A Catholic diocese has agreed to an $87.5 million settlement involving a clergy sex abuse case.
One of the largest cash settlements involving the Catholic Church in America had just been recorded when a New Jersey Catholic diocese agreed to pay $87.5 million to settle claims that sex abuse was committed by a member of the clergy against up to 300 victims. An agreement was made with the Diocese of Camden, which leads six counties in southern New Jersey, Philadelphia, and plaintiffs.
According to CBN News, the agreement was filed with U.S. Bankruptcy Court in Camden on Tuesday and will go before a U.S. bankruptcy judge. If the judge approves the settlement, the settlement would exceed the almost $85 million settlement in 2003, in which a clergy abuse scandal took place in Boston. However, it is less than other settlements in California and Oregon.
"I want to express my sincere apology to all those who have been affected by sexual abuse in our Diocese," Bishop Dennis Sullivan said in a statement. "My prayers go out to all survivors of abuse and I pledge my continuing commitment to ensure that this terrible chapter in the history of the Diocese of Camden, New Jersey never happens again."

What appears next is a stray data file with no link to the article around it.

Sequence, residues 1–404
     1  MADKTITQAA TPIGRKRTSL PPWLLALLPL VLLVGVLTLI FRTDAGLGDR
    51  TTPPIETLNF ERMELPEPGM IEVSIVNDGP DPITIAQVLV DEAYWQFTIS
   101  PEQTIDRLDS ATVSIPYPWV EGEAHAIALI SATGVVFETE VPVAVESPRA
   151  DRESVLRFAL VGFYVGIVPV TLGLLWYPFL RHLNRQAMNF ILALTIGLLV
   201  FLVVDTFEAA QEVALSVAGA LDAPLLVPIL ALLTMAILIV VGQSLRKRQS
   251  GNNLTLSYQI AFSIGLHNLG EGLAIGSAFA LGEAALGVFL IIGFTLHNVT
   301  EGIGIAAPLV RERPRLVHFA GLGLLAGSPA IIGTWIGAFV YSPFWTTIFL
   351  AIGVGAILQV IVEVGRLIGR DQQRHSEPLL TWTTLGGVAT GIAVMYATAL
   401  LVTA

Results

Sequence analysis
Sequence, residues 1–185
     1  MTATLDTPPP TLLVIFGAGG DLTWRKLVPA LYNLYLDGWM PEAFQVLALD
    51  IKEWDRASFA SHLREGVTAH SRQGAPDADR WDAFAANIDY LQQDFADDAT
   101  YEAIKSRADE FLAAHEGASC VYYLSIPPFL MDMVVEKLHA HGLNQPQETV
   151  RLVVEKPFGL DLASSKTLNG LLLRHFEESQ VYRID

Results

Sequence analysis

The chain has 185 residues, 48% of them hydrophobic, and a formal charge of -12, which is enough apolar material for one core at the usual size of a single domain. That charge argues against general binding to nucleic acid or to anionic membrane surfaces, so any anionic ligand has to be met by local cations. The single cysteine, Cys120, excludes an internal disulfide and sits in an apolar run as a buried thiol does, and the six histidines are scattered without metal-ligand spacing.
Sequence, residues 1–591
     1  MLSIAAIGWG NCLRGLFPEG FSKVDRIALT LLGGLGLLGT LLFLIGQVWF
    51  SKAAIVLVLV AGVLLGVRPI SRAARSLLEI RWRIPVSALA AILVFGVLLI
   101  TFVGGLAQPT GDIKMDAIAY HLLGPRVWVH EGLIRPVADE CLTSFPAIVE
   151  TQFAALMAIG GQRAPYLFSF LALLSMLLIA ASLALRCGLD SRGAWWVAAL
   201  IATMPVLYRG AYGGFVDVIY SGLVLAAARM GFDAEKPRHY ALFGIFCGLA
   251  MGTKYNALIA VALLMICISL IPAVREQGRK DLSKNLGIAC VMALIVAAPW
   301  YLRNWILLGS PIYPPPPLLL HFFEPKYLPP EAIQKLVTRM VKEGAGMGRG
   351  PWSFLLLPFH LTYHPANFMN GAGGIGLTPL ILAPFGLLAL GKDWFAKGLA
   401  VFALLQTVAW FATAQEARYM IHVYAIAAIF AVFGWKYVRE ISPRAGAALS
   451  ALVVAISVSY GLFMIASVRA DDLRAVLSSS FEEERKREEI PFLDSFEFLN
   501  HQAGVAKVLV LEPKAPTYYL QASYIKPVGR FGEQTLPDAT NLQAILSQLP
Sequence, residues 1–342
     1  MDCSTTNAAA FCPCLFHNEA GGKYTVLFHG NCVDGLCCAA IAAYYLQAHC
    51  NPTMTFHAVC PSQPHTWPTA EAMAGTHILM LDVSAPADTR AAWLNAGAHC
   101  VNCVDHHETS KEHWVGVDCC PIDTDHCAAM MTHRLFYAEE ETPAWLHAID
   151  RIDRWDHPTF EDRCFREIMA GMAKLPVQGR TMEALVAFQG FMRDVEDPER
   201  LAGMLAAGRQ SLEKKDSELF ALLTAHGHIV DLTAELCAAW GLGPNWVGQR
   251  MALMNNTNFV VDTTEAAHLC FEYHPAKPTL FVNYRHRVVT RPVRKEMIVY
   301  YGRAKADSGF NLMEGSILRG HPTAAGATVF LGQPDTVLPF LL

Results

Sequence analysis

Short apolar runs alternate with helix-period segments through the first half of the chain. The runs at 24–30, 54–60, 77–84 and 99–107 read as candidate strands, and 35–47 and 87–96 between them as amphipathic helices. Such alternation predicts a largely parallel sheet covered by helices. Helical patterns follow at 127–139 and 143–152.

The proposed settlement did not include details of what happened to the 300 victims, an attorney for more than 70 victims confirmed. Jeff Anderson, an attorney who represented 74 of the roughly 300 survivors, said, "This settlement with the Bishop of Camden is a powerful advance in accountability. The credit goes to the survivors for standing up for themselves and the truth."
Anderson reported that the alleged sexual abuse took place from the 1950s into the 1990s, but primarily unfolded between the 1960s and 1970s. The New Jersey Catholic diocese said that the settlement required the setting up of a trust, which will be funded over four years by the diocese and "related Catholic entities" to compensate the survivors of the clergy sexual abuse. The deal also requires "enhancing" and maintaining protocols to protect children.
The victims' attorneys Jay Mascolo and Jason Amala reported that abuse survivors who filed a claim in the bankruptcy may get up to $290,000. THe settlement comes two years after New Jersey increased the window of its civil statute of limitations to allow for victims of sexual abuse by priests to seek legal compensation.
The New Jersey legislation allows child victims to sue up until they turn 55 or within seven years of their first realization that the abuse caused them harm. Previously, the statute of limitations was 20 years or two years after they realized the abuse caused harm.
CBS News reported that the New Jersey Catholic diocese, like many across the U.S. had filed for bankruptcy amidst a number of lawsuits. In fact, the New Jersey Catholic diocese faced up to 55 lawsuits as per court records, as caused by the relaxed statute of limitation.
In 2019 alone, New Jersey's five Catholic dioceses named over 180 priests who were credibly accused of sexually abusing minors over the span of several decades. This on top of more than two dozen other states that named suspected abusers after a landmark grand jury report in Pennsylvania in 2018. Many of the priests on the list were deceased, while those who remained were removed from ministry.